This seemed written on a juvenile level. It was just a little too "cheesy" for my tastes. Although billed as historical fiction, so much of the book is contrary to the history books of this time period. I am not sure I am interested in reading more by this author, even though I had very high hopes.
Laura Johnson
I semi-finished this book. As much as I love Jean Plaidy, I found it hard to read once everything when wrong. This was mainly because I knew she didn't have a happy ending and never ended up with the man she truly wanted. Call me a sucker for happy endings, even though I know history writes itself.
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Sinopsis en Español // Synopsis in Spanish 1 1 Feb 12, 2015 11:38AM  
  • Eleanor the Queen
  • Lady of the Roses: A Novel of the Wars of the Roses
  • The Forbidden Queen
  • Harlot Queen
  • The Queen of Last Hopes: The Story of Margaret of Anjou
  • A Lady Raised High: A Novel of Anne Boleyn
  • The Perfect Royal Mistress
  • To the Tower Born: A Novel of the Lost Princes
  • Blood Royal
  • The First Princess of Wales
  • The King's Damsel (Secrets of the Tudor Court, #5)
  • Within the Hollow Crown: A Reluctant King, a Desperate Nation, and the Most Misunderstood Reign in History
  • Her Mother's Daughter: A Novel of Queen Mary Tudor
  • Secrets of the Tudor Court
  • Duchess of Aquitaine: A Novel of Eleanor
  • Vengeance Is Mine: A Novel Of Anne Boleyn, Katherine Howard, And Lady Rochford  The Woman Who Helped Destroy Them Both
  • The Favored Queen
Eleanor Alice Burford, Mrs. George Percival Hibbert was a British author of about 200 historical novels, most of them under the pen name Jean Plaidy which had sold 14 million copies by the time of her death. She chose to use various names because of the differences in subject matter between her books; the best-known, apart from Plaidy, are Victoria Holt (56 million) and Philippa Carr (3 million). ...more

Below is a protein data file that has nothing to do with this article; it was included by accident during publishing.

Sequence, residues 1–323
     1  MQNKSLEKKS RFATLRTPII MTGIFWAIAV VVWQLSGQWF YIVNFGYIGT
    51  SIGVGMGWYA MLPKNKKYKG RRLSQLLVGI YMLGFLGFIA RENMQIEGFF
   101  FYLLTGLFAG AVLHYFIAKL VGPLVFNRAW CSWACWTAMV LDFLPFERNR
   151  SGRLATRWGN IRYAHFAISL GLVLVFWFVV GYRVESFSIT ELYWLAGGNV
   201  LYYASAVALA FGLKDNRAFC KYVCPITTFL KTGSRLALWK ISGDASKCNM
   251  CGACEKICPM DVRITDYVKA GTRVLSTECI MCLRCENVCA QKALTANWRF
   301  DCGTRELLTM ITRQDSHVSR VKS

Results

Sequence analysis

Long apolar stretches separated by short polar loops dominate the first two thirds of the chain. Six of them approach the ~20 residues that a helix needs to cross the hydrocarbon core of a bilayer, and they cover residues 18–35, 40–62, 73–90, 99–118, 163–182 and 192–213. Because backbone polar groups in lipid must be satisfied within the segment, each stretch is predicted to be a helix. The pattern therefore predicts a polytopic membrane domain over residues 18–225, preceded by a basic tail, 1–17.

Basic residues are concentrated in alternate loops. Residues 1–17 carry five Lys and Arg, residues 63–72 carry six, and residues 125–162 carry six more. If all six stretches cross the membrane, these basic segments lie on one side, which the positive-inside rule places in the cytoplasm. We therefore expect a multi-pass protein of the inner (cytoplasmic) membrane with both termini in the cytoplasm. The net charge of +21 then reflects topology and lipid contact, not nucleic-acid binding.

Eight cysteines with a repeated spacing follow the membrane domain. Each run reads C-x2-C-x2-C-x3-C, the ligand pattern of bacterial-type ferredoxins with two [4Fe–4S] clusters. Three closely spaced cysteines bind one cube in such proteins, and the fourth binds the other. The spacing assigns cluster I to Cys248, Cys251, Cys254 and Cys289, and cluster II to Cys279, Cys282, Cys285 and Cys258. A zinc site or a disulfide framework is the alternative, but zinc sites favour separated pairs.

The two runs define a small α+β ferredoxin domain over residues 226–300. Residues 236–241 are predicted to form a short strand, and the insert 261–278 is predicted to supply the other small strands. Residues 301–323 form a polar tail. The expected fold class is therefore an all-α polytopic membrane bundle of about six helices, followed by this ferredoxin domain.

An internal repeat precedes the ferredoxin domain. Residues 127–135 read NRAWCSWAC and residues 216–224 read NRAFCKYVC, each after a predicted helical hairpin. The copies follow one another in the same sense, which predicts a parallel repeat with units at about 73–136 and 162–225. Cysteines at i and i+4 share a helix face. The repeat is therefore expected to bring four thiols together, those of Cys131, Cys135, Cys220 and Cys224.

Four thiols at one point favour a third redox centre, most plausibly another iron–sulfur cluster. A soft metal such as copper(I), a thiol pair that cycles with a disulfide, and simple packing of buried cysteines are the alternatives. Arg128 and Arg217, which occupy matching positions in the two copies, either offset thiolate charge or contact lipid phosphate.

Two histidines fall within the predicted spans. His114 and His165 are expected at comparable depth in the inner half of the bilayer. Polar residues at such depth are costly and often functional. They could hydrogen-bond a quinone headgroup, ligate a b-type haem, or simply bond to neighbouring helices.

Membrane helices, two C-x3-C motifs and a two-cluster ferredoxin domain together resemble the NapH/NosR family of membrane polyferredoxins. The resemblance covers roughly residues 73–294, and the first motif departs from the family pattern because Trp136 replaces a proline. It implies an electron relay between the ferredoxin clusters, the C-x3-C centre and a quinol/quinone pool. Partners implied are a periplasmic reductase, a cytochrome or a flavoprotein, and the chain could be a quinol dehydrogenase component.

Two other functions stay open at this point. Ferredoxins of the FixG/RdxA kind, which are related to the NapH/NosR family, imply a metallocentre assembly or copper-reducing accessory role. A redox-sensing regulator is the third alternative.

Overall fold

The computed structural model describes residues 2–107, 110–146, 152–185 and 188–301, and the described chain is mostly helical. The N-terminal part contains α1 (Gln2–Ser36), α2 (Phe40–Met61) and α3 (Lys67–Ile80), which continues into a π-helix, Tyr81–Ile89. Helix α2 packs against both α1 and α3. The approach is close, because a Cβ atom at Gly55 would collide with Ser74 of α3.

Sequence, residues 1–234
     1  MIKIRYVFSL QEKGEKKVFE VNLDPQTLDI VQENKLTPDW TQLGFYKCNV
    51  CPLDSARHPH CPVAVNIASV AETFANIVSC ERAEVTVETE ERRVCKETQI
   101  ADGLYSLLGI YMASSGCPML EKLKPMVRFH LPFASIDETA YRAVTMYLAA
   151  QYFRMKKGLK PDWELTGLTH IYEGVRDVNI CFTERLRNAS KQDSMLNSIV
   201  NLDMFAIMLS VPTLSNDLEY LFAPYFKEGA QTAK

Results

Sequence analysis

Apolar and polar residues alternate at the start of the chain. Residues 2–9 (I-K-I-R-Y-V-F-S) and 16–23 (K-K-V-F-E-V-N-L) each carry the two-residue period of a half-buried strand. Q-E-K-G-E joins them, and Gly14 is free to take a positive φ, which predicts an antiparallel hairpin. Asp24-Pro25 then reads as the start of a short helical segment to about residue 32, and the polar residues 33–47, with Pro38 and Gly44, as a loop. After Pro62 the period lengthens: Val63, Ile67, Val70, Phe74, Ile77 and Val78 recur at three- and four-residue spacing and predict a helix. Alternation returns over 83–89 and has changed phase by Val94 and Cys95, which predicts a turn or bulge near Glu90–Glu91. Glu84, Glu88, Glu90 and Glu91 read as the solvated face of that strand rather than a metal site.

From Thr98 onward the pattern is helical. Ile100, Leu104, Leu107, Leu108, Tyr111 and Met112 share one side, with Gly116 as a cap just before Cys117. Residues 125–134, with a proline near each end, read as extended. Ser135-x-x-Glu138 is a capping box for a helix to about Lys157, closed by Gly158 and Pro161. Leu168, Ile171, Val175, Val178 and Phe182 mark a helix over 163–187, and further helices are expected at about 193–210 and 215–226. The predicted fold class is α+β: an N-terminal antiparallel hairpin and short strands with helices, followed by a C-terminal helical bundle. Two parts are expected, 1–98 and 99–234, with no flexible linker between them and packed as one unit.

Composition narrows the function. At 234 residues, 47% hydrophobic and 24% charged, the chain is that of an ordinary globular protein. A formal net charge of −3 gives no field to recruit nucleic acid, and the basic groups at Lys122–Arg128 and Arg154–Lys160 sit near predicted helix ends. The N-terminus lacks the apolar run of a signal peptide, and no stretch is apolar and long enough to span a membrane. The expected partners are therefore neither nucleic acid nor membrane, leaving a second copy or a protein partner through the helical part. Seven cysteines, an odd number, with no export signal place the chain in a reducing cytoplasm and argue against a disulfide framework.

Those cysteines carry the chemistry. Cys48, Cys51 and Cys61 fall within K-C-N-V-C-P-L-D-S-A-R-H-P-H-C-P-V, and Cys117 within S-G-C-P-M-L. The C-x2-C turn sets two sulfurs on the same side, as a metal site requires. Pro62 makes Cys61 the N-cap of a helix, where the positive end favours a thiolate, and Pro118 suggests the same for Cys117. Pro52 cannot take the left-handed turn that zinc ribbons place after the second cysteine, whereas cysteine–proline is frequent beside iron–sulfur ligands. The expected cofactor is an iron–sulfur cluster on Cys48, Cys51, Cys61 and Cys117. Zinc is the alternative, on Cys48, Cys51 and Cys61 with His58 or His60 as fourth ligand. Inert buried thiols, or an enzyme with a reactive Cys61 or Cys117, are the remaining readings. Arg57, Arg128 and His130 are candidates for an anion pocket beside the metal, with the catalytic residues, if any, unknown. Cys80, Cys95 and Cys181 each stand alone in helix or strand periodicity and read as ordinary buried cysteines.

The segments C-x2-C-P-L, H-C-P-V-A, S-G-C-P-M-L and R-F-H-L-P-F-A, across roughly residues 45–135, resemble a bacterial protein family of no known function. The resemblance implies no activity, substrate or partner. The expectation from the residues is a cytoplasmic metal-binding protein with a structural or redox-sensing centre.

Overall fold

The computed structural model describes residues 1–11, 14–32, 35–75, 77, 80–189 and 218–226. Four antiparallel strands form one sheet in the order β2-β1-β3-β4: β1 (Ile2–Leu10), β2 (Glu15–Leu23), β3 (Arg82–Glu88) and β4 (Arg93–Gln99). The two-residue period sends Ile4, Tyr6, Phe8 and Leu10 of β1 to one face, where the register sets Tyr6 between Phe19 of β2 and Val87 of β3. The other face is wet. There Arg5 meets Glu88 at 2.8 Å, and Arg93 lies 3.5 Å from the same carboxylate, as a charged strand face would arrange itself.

More about Jean Plaidy...

Other Books in the Series

Queens of England (1 - 10 of 11 books)
  • Myself, My Enemy (Queens of England, #1)
  • Queen of This Realm (Queens of England, #2)
  • Victoria Victorious: The Story of Queen Victoria (Queens of England, #3)
  • The Lady in the Tower (Queens of England, #4)
  • The Courts of Love (Queens of England, #5)
  • In the Shadow of the Crown (Queens of England, #6)
  • The Reluctant Queen: The Story of Anne of York (Queens of England, #8)
  • The Merry Monarch's Wife (Queens of England, #9)
  • William's Wife (Queens of England, #10)
  • The Rose Without a Thorn (Queens of England, #11)
The Lady in the Tower (Queens of England, #4) Murder Most Royal (Tudor Saga, #5) Katharine of Aragon: The Wives of Henry VIII (Tudor Saga, #2-4) The Rose Without a Thorn (Queens of England, #11) To Hold the Crown (Tudor Saga #1)